Cubs keep Andrew Miller in mind while making Mike Montgomery trade with Mariners

Cubs keep Andrew Miller in mind while making Mike Montgomery trade with Mariners

Before the trade-deadline pressure really heats up, the Cubs made a deal to strengthen their bullpen on Wednesday, acquiring left-hander Mike Montgomery from the Seattle Mariners for minor-league slugger Dan Vogelbach.

Whether or not the Cubs make a big splash on Aug. 1, president of baseball operations Theo Epstein addressed a major need and created a degree of leverage and some peace of mind while waiting to see what the New York Yankees do with All-Star reliever Andrew Miller and 100-mph closer Aroldis Chapman.

Even Montgomery’s career path made Epstein think about Miller’s trajectory. Montgomery had been among Baseball America’s top 40 overall prospects before the 2010, 2011 and 2012 seasons when the Kansas City Royals packaged him in the Wil Myers/James Shields/Wade Davis trade with the Tampa Bay Rays.

Montgomery posted a 2.34 ERA in 32 games (two starts) with the Mariners this year, putting up 54 strikeouts against 18 walks in 61-plus innings and generating groundballs almost 59 percent of the time. The Cubs also redistributed their depth, sending Double-A pitcher Paul Blackburn to the Mariners and getting back Triple-A right-hander Jordan Pries. 

Montgomery just turned 27 this month and has the size (6-foot-5), first-round pedigree (36th overall in 2008) and service-time clock (not a free agent until after the 2021 season) to fit into a pennant race as well as the franchise’s long-range plans.  

“We think we’re getting him at the right time,” Epstein said after a 6-2 victory over the New York Mets at Wrigley Field. “He’s certainly not a household name. But we think he’s got a chance to take off and maybe be the type of guy that a year from now you couldn’t get in a deal of this size.

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“Sometimes, with these bullpen pieces, it’s important to get them when they’re on the way there, maybe haven’t fully arrived yet.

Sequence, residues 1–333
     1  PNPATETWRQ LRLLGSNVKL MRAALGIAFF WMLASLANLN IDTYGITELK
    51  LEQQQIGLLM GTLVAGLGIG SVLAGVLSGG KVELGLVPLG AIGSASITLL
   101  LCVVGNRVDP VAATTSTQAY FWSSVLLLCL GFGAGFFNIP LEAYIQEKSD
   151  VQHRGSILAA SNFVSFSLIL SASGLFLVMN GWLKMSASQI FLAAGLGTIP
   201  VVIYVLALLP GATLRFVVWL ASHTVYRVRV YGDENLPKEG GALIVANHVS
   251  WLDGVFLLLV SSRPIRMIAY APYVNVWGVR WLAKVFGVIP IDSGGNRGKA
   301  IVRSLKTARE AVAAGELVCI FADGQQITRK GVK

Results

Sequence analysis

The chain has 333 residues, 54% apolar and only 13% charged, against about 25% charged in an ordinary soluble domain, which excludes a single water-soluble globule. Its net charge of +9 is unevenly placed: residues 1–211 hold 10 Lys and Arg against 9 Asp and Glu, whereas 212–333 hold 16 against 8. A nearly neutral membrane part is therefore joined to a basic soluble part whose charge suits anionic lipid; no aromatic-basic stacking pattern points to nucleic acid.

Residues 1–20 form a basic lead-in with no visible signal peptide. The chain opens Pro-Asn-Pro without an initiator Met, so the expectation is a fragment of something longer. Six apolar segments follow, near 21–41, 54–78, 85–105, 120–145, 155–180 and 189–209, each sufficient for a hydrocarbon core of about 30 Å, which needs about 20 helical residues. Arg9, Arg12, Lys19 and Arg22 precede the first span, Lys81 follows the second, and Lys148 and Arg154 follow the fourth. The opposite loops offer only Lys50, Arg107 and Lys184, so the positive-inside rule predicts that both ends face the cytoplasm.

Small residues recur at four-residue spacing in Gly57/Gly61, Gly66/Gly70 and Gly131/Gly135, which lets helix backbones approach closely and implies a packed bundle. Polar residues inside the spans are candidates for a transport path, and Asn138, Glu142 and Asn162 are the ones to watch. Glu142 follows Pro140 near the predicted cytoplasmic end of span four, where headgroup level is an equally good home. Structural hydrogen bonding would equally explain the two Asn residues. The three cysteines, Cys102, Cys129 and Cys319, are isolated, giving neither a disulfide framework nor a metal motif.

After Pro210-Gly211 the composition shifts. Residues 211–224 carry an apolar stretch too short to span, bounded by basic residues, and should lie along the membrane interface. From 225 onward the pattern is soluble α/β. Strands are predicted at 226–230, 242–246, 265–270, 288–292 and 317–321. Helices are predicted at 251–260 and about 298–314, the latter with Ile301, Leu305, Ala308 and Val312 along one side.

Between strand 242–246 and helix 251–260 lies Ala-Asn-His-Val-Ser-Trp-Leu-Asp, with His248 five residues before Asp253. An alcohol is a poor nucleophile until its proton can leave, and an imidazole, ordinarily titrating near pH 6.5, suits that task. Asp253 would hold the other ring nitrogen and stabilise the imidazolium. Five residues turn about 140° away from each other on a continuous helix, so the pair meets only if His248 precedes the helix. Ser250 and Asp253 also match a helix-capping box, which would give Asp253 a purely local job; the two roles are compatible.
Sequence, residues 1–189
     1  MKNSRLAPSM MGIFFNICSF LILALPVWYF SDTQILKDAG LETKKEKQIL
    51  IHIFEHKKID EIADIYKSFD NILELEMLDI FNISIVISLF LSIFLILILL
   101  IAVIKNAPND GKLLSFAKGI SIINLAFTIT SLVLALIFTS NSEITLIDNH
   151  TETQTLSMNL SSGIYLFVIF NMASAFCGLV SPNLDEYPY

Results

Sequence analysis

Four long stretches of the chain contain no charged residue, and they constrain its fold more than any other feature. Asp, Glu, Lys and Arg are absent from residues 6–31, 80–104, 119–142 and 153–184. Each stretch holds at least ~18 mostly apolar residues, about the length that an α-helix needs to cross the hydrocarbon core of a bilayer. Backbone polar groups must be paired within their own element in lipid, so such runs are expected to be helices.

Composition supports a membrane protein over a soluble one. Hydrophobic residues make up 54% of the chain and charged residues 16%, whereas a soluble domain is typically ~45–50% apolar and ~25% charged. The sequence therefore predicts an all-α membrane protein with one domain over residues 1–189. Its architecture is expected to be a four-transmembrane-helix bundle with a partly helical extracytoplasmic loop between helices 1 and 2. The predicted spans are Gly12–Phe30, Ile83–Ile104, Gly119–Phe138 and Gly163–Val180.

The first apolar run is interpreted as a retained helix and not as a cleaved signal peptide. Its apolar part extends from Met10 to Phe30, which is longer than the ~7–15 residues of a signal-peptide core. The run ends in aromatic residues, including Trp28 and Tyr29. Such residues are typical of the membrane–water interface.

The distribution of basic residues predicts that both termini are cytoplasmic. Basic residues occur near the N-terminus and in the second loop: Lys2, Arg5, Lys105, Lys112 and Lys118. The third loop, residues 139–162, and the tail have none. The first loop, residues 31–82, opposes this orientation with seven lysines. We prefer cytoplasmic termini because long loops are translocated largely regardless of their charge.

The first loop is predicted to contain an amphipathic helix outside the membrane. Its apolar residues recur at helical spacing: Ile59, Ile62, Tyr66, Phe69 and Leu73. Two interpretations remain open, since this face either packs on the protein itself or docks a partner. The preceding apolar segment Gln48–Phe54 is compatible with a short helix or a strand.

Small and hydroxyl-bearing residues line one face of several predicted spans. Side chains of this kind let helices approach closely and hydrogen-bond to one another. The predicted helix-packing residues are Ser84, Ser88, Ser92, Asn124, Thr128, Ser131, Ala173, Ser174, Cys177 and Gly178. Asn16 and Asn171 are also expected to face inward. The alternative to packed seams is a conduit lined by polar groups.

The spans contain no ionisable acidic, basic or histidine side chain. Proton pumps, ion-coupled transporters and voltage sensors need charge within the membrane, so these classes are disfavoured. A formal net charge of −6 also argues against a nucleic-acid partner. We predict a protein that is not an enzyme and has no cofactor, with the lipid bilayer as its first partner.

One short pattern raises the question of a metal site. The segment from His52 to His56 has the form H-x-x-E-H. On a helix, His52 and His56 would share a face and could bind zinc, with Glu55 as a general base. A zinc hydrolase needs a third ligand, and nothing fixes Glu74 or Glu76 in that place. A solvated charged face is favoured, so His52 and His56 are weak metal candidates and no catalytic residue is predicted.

“I’m not saying he’s Andrew Miller – very few are, no one is – but we traded for Andrew Miller in Boston when I was there in November 2010 hoping he could put it together in the ‘pen someday.

“That’s how a lot of guys get there. If you wait until they’re fully established, sometimes the price tag is so high that they’re virtually impossible to acquire.

“But if your scouts do a good job of identifying the guys who are trending in the right direction – and you’re willing to take a shot – sometimes there’s a big payoff at the end.”  

This is also relatively painless at a time when the Cubs don’t want to give up major-league assets like Kyle Schwarber and Javier Baez. Already blocked by All-Star first baseman Anthony Rizzo, Vogelbach had the defensive profile, body type and powerful left-handed swing to become a designated hitter in the American League.

A second-round pick in 2011 – the final draft class for the Jim Hendry administration – Vogelbach reached Triple-A Iowa by his age-23 season and had been hitting .318 with 16 homers, 64 RBI and a .972 OPS through his first 89 games at that level.

Blackburn, the 56th overall pick in the 2012 draft, went 6-4 with a 3.17 ERA in 18 starts at Double-A Tennessee, but is perceived to have a back-of-the-rotation ceiling.

Montgomery is expected to join the team on Friday at Miller Park for the beginning of a three-game series against the Milwaukee Brewers. That won’t stop the Cubs from looking for much bigger deals.

“We kind of separate it into different buckets,” Epstein said. “The guys who are established impact guys right now will obviously have a higher price tag – and we’ll still be in on those guys. We’re still interested in improving the ‘pen if we can.

“And then the younger controllable pieces, including guys who we think have a chance to start down the line. Mike certainly fits into that category. He’s been a starter his whole career up until this year. And we’d certainly hold the door open to that in the future.”

As he decides what's next, it's clear Ben Zobrist has something left in the tank

As he decides what's next, it's clear Ben Zobrist has something left in the tank

When Ben Zobrist rejoined the Cubs active roster on Sept. 1, it was fair to wonder how much he could provide offensively. After all, he spent the previous four months on the restricted list while tending to a family matter, last playing a big-league game on May 6.

Zobrist did no baseball activities from May to mid-July, only working out to stay in shape. Although he eventually ramped things up, he played in just 12 minor league rehab games in August before returning to the Cubs, a small number compared to the length of his absence.